- 12 ounces Romaine lettuce or your favorite mixed greens
- 1 small salmon filet, cooked and seasoned with lemon juice to taste
- 1 cup green beans, cooked (but preferably still crunchy), cut into 1-inch lengths
- 12 radishes, thinly sliced
- 1 1/2 medium avocados, cut in small pieces
- 1 tablespoon green olives, pitted and finely chopped
- 1 tablespoon fresh parsley, chopped
- Salt and pepper to taste
- Combine all ingredients in a large bowl and toss to mix well.
- Serve with your favorite dressing.
If you like this recipe, you'll love Bone Appétit, where you'll find over 200 bone-healthy delicious recipes.
1 Adams, J. and Pepping, J. “Vitamin K in the treatment and prevention of osteoporosis and arterial calcification.” American Journal of Health-System Pharmacy. 2005 Aug 1; 62(15): 1574-81. Web. https://www.ncbi.nlm.nih.gov/pubmed/16030366
2 McLean, Jacques, Selhub, et al. “Homocysteine as a predictive factor for hip fracture in older persons.” New England Journal of Medicine. 2004.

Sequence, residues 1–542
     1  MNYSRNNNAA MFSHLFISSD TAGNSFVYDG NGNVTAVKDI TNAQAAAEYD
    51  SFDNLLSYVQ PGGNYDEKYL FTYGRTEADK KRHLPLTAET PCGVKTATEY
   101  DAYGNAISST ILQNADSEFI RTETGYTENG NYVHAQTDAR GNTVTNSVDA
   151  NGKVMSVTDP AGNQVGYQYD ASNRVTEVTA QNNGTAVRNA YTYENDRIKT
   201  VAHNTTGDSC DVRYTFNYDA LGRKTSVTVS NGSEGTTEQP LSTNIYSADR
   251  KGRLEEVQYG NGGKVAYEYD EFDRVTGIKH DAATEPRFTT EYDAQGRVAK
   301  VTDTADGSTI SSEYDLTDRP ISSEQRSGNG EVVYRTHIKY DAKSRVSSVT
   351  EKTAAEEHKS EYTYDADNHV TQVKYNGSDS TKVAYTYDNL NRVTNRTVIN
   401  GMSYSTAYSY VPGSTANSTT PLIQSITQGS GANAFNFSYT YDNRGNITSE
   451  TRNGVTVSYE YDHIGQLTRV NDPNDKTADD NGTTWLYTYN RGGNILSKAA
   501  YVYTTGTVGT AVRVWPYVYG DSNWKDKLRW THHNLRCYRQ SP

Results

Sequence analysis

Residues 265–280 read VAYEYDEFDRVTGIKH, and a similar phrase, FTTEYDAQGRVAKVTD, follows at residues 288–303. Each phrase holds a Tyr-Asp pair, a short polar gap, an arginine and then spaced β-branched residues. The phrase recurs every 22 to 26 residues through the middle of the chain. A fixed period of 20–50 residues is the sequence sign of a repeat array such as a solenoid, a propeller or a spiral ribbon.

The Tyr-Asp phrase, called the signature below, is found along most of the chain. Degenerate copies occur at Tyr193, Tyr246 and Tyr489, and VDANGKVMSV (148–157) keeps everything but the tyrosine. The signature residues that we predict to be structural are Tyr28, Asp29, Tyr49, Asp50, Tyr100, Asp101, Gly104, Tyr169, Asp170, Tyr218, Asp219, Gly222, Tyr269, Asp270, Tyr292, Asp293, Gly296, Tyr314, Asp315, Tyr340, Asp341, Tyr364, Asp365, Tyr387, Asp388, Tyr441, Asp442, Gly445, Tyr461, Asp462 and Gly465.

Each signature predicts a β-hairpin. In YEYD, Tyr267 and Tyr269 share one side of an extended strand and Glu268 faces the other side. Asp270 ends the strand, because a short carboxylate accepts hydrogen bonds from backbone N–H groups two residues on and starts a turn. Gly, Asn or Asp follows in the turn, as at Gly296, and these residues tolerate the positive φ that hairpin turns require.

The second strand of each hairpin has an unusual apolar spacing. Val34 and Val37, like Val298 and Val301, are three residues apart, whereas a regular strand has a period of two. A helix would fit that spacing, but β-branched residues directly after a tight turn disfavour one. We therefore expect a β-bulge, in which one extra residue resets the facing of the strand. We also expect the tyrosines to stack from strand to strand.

3 Chaurasia, Savita and Saxena, Rimsi. “Biochemical Studies on Antioxidant Potential of Green Beans in Fresh and Processed Conditions.” American Journal of PharmTech Research. Web. https://www.ajptr.com/archive/volume-2/december-2012-issue-6/article-473.html
4 Paganelli, M., et al. “Inflammation is the main determinant of low bone density in pediatric inflammatory bowel disease.” Inflammatory Bowel Diseases. 2007 April; 13(4): 416-23. Web. https://www.ncbi.nlm.nih.gov/pubmed/17206686
Comments on this article are closed.
Hi Vivian! At present it’s unclear if K2 demands can be met by fermentation of K1. The studies that have used K to prevent fractures have all but one used menaquinone, and the study with phylloquinone, could not reach a conclusion of efficacy.
There is a snack out that is like a freeze dried green bean. Does this have the same nutritional values?
Green Beans Sounds great!
The Saint-Tropez Salad Sounds Delicious! I Love Green Beans Anyway.
Thank You Very Much For Sharing The Recipe With Us.
Take Care, Stay Well, And Have A Healthy And Very Happy “Saint Patrick’s Day”!
LOVE, LESLIE (MS. L. CARMEL)
Sometimes it’s hard to eat both acidic and alkaline foods at every meal . As long as 80% of my diet is alkaline daily! is this ok
I agree Debra, it can be difficult – does anyone have an answer to this question? Is it ok to eat 80% per day alkaline daily, or does it need to be 80/20 at each meal??